The nasal vestibular region serves as the primary reservoir of Staphlylococcus aureus in humans with nearly 20% of individuals being persistent nasal carriers. Although numerous studies have been performed on SANC and the associated risk factors, very little is known about the host-pathogen interaction. SANC of host is an equilibrium achieved in the host-pathogen interaction dynamics under non-infective, permissive conditions. Thus successful combat and control of SANC requires a thorough knowledge of possible host factors involved. Several host factors have been suggested to be associated with nasal carriage and can be broadly divided into host genetic factors and immune factors. A list of host factors affecting nasal carriage is given in table 1.

Table 1
List of host factors known to be associated with nasal carriage / colonization of S. aureus

SANC is influenced by certain HLA types, and also by polymorphic variations in several genes. A study conducted on healthy laboratory workers and patients attending an outpatients' clinic found that the presence of the histocompatibility antigen (HLA-DR3) would predispose an individual to SANC (19). Polymorphic variations of numerous genes such as Fc fragment of IgG (Fc©R), human glucocorticoid receptor, polymorphic variations in the vitamin D receptor (VDR) gene in patients with type I diabetes (20) were also found to be linked with nasal carriage. Further polymorphic differences in IL-4 (C542T genotype) and the human complement cascade activator serine protease C1 inhibitor (C1INH V480M) (21) were linked to increase nasal carriage. Moreover, a link between certain genotypes of human glucocorticoid receptor and nasal carriage has been ascertained (22). This is of particular interest since treatment with corticosteroids is known to subdue immune responses. It is possible that these receptor genotypes are highly responsive to general levels of corticosteroids thereby reducing overall immune resistance in subjects. Besides the blood borne and cellular immunity factors, nasal secretions have an important role in protecting against pathogens. Human nasal fluid is composed of a variety of antimicrobial proteins and peptides such as lysozyme, lactoferrin, Secretory Leukocyte Protease Inhibitor (SLPI), neutrophil alpha-defensins, beta-defensins and cathelicidins (23) (24). Lysozyme is a bacteriolytic enzyme abundant in nasal fluid and hydrolyses the glycosidic linkages in peptidoglycan present on bacterial cell wall. Several studies have found that many of the antimicrobial peptides have little or no activity against many strains of S. aureus. Lactoferrin, an iron-binding siderophore with a cationic C-terminal region, contributes to antimicrobial activity as well as Fe2+ sequestration. Neither lysozyme nor lactoferrin show significant activity against S. aureus by themselves (4). Some of the antimicrobial peptides such as human beta-defensin-1 (HBD-1) are constitutively expressed in the airway fluid, while the expression of HBD-2 and -3 are induced upon pathogenic recognition. Of the three beta-defensins, HBD-3 is most effective against S. aureus (25). Even though neutrophil alpha-defensins are upregulated in nasal fluid, most of the S. aureus strains are highly resistant to their bactericidal action. Further, there is evidence to suggest that multiple antimicrobial factors in nasal fluid act in synergy to effectively clear the bacteria, at least in case of non-permissive hosts. In fact, beta-defensins, human cathelicidin (LL-37), and lysozyme exhibited a synergistic anti-staphylococcal activity in CF patients when administered via nasal inhalation (26). Dysregulation of expression of one or more of these innate peptides might predispose a person to SANC.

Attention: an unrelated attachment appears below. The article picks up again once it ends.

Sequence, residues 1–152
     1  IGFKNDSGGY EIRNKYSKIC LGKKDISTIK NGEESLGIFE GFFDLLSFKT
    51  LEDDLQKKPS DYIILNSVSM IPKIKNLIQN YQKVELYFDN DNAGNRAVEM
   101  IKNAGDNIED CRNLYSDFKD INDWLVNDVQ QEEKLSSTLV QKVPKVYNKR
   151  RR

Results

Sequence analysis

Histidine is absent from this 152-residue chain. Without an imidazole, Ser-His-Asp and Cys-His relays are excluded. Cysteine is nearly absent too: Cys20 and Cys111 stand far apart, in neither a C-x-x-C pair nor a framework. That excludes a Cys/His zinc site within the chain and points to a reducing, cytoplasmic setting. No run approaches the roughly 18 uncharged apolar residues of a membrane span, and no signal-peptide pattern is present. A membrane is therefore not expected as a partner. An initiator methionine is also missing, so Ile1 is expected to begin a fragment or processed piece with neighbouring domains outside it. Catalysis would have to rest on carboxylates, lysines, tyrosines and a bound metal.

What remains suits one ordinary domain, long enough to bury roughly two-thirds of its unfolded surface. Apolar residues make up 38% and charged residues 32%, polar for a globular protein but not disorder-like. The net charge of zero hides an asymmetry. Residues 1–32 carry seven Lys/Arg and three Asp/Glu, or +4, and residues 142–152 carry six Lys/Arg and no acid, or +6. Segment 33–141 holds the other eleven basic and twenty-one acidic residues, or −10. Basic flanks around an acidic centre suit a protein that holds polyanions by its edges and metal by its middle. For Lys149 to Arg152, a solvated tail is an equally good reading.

Host factors other than the immunity genes have also been identified, that are involved in SANC. In their studies in mice model, Gonzalez-Zorn and others (27) identified CFTR and TLR-2 as host factors that protect the system against carriage of S. aureus. It was shown that nasal colonization / carriage was not only pronounced in mice that were deficient for CFTR, but also in those that lacked TLR-2. It is interesting to note that abrogation of TLR-2 is important for establishing carriage, since our own work suggests that a model carrier clinical isolate was capable of suppressing TLR expression in human nasal epithelial cells (28). Besides, the rate limiting step in host pathogen interaction is the adhesion of bacterium to the host skin surface. It has been known that surface proteins on cornified desquamated nasal epithelium like cytokeratin 10, involucrin and loricin bind to bacterial factors (29) (30).